Longchen_Rabjam

The following is respectfully quoted from “Drops of Nectar” as translated by Rigzod Editorial Committee of the Ngagyur Nyingma Institute:

Chapter II
Transforming Appearances into the Dharma

Again at this time, having brought forth strong renunciation and disenchantment with my own and other’s perceptions and the activities of this present life, I sing this song of the points of training.

On the great plane of the ground of all experience, which has no beginning and end,
An ignorant person wanders about with the feet of grasping and fixation,
Oppressed by the suffering of boundless samsara.
Mistaken one, to you I now offer this advice!

Without contemplating the suffering of cyclic existence,
Renunciation and disenchantment with it will have no time to develop;
Without contemplating the difficulty of achieving the freedoms and favors,
There will be no time for joy and inspiration in the sacred Dharma to come forth.

If you do not constantly contemplate death,
Heartfelt Dharma practice will never occur.
If you do not regard the benefits of liberation,
There will be no time of achieving unsurpassed enlightenment.

Without contemplating the causes and effects of virtue and evil,
the white and the black,
You’ll have no time to grasp what to adopt and what to abandon, what is Dharma and what is not.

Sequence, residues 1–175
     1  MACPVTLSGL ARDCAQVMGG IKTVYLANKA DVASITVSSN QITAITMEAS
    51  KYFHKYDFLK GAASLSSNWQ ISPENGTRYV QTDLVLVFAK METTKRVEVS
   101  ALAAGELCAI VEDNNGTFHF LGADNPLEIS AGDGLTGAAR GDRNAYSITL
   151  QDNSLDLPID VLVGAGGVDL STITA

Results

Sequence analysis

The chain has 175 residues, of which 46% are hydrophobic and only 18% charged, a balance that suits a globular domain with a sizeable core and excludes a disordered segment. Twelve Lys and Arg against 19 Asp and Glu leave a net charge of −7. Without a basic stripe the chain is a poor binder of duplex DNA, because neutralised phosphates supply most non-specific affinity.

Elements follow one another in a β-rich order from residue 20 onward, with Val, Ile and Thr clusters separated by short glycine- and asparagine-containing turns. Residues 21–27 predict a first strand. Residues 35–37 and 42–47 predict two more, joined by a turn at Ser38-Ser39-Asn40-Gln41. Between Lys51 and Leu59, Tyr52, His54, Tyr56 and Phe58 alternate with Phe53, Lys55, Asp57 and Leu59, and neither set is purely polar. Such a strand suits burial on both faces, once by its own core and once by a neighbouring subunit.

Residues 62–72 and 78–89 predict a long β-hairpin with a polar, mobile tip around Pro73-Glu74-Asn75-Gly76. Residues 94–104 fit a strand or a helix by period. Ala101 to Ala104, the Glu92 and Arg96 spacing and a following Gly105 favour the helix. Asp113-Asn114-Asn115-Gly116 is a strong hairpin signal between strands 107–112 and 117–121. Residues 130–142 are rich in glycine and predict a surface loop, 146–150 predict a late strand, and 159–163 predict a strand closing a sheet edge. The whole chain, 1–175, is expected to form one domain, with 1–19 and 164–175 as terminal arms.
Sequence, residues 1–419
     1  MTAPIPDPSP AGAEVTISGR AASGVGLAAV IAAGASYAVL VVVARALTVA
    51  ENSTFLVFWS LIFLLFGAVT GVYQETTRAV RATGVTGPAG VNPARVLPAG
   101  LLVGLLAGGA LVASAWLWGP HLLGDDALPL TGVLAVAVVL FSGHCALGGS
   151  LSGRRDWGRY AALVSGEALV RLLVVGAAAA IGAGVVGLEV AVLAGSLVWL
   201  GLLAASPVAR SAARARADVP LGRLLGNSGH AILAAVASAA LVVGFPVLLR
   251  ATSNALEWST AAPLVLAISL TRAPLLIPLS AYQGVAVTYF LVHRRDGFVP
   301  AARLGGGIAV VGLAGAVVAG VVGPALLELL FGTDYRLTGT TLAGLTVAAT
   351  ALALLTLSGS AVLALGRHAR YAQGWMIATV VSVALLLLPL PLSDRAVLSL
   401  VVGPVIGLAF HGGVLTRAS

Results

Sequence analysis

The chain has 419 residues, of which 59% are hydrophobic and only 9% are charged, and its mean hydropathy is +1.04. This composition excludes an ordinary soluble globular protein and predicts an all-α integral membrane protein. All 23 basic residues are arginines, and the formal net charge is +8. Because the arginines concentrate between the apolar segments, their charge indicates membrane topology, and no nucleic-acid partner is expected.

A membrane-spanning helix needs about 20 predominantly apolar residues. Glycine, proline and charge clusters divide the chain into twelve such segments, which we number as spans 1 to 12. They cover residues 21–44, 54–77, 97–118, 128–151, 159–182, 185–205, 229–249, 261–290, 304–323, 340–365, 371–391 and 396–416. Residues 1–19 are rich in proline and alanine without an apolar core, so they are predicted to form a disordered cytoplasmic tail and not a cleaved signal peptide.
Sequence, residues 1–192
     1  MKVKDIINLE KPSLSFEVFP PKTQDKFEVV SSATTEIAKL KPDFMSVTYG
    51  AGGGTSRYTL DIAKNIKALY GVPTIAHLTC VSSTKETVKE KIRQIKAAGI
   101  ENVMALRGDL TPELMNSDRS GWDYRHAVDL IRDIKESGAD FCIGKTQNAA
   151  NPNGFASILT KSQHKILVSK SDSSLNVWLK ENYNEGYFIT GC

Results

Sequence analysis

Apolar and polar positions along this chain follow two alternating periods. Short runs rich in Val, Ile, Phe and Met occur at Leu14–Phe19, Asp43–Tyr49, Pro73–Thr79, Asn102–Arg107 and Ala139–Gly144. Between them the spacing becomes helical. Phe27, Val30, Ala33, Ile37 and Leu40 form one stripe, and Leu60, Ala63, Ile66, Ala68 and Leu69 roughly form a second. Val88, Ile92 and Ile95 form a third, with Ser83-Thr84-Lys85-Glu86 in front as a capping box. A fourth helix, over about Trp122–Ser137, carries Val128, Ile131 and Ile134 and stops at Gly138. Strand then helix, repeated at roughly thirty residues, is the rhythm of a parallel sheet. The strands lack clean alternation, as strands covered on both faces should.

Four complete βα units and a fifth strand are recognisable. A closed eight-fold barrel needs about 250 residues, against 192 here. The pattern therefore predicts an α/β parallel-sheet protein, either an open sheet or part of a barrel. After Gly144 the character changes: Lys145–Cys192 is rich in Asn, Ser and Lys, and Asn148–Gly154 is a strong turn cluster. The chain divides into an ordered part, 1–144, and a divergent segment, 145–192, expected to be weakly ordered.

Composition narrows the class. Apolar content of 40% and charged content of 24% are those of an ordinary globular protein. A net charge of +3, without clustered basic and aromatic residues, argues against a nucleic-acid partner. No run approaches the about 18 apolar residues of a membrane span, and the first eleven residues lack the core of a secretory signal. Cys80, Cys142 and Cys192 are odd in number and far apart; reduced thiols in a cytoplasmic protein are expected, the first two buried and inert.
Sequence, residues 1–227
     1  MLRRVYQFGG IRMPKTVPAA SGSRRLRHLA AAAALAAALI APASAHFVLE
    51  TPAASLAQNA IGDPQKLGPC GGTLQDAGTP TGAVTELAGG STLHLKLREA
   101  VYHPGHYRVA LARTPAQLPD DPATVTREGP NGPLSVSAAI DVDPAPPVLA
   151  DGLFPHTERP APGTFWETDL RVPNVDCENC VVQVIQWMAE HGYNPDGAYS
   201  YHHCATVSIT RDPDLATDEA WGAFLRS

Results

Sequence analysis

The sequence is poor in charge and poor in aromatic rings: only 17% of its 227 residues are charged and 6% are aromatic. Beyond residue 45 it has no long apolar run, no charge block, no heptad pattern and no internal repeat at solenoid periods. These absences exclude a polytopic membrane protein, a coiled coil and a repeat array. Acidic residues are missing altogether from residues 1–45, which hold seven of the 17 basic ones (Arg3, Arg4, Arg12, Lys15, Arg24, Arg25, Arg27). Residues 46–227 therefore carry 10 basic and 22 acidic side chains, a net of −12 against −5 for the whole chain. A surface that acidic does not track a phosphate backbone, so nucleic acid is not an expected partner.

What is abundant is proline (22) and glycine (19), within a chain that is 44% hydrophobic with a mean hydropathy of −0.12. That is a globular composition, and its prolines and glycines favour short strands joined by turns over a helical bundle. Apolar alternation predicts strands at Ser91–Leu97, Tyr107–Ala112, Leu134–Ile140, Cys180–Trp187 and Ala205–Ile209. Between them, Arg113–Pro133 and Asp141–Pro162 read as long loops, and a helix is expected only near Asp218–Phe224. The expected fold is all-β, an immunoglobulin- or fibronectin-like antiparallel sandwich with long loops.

Without casting off the activities of this life,
You’ll have no time to accomplish the sacred Dharma for the life to come.

If heartfelt renunciation is not born within your mind-stream
There will never be time to give up distractions and diversions.
Without toppling, down to its foundation stone, the wall of amicable relationships,
There will be no time for the mind that is too attached to others to end.

Without leaving behind all deluded activities at one go,
Although you’re busy day and night, you’ll never have time to recognize.
If you don’t always keep humbly a low position,
You’ll never have time to tame your unwholesome mindstream.

Please pursue this excellent permanent aim from today!

The first virtue is to develop the mind of renunciation and weariness,
The second virtue is to abandon concerns for this present life,
The third virtue is to maintain the examples of the holy masters.
This is upholding the permanent domain of Dharmakaya, the permanent domain of the Victorious Ones!

From the Vajra Song of Instructions for Rousing Myself (Longchen Rabjam), this completes the second chapter of transforming appearances into the Dharma. 

What is a “Good Death”

dying

The following is an excerpt from a teaching by Jetsunma Ahkon Lhamo offered during a Phowa retreat: